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My Road Rage Scares Me And Makes No Sense

by Matt
(Massachusetts )

Speed Can Be Addictive

Speed Can Be Addictive



Lately I have been having a major problem with road rage. I have to drive on the highway to get to work. Fortunately I have a reverse commute, so the traffic usually isn't heavy.

My problem is with speeding and others speeding as well. I often feel like I have to be the fastest on the road and if I'm going fast in the left lane and someone passes me on the right going even faster, it drives me crazy and I end up going faster and then tailgating them or passing them.

When this happens I become fixated on the other car and want to seek revenge for them speeding faster than me. For some reason I have a very difficult time letting other people speed, yet I am always speeding. When I see other people doing bad things- such as cutting people off, tailgating, not using a blinker, etc... it makes me angry and then I do the same just to make other people angry!

When I go into a rage it scares me because sometimes I will miss my exit on the highway on purpose because my anger has taken over me and it is more important to "beat" the other person than get off my exit...this frightens me.

What can I do to change this behavior? Also- this is pretty new behavior, I am 36 years old and it really just started more frequently in the past year.

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Dec 10, 2015
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You Can Beat This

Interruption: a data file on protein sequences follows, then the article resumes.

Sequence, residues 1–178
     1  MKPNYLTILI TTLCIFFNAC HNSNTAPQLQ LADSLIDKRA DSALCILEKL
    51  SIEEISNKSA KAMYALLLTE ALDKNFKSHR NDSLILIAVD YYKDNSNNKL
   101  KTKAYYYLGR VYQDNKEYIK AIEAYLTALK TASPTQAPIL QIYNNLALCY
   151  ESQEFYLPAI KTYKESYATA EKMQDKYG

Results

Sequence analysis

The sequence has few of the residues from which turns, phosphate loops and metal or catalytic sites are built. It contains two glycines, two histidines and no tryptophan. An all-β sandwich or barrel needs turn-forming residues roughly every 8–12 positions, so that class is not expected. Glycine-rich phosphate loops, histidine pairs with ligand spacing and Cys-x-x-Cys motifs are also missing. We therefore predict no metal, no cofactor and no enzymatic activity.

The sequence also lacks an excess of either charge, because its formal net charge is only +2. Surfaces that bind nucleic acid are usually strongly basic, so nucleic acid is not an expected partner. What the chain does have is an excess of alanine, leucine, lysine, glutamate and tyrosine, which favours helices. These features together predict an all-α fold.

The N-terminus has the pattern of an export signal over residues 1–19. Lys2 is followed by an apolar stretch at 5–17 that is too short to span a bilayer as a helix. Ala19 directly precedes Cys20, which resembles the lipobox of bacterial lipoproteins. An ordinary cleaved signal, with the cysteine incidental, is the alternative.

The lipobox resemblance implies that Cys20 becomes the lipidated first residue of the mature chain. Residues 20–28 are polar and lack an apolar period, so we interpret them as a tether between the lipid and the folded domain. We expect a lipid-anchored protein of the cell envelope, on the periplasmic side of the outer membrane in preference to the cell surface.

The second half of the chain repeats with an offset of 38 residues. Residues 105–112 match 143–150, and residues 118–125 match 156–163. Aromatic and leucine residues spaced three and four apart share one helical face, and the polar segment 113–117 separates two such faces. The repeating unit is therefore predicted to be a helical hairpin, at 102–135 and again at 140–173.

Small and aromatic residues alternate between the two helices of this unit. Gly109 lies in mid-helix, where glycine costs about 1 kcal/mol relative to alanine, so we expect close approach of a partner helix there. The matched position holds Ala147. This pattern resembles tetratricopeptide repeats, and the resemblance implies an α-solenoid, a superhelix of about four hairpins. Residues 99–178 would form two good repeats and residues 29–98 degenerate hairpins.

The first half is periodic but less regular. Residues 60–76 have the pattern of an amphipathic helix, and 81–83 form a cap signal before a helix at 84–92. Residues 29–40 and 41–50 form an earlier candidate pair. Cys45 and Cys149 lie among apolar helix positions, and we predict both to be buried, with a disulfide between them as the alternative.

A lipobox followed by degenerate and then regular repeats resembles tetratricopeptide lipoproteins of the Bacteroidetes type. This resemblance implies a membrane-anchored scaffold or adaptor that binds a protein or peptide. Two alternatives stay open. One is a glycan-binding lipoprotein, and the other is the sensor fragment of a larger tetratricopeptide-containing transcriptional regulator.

by: Dr. DeFoore

Hi Matt. You reached out here because you're better than this. You don't like your actions behind the wheel because they're not a good match for who you really are. I will try to help.

You're dealing with a combination of anger and anxiety. You get anxious (though you might not be aware of it), when you see someone else speeding, and then you become competitive, and then the anger kicks in.

I think you can successfully use these methods to manage both your anxiety and your anger behind the wheel. You'll have to adapt the wording a little to apply to your situation, but that shouldn't be an issue for you.

Use these visualization and imagination processes every morning before driving anywhere, and ideally take a couple of minutes to do them again before driving home from work.

If this doesn't help you, then you have some other more deep-seated things going on, but you can deal with those too. Find a good counselor (or contact me for counseling), if you feel a need to get some professional help.

You can do this, Matt. You don't have to be a victim of your emotions. You're a young man, and you need to be comfortable and safe when you drive.

My very best to you,

Dr. DeFoore

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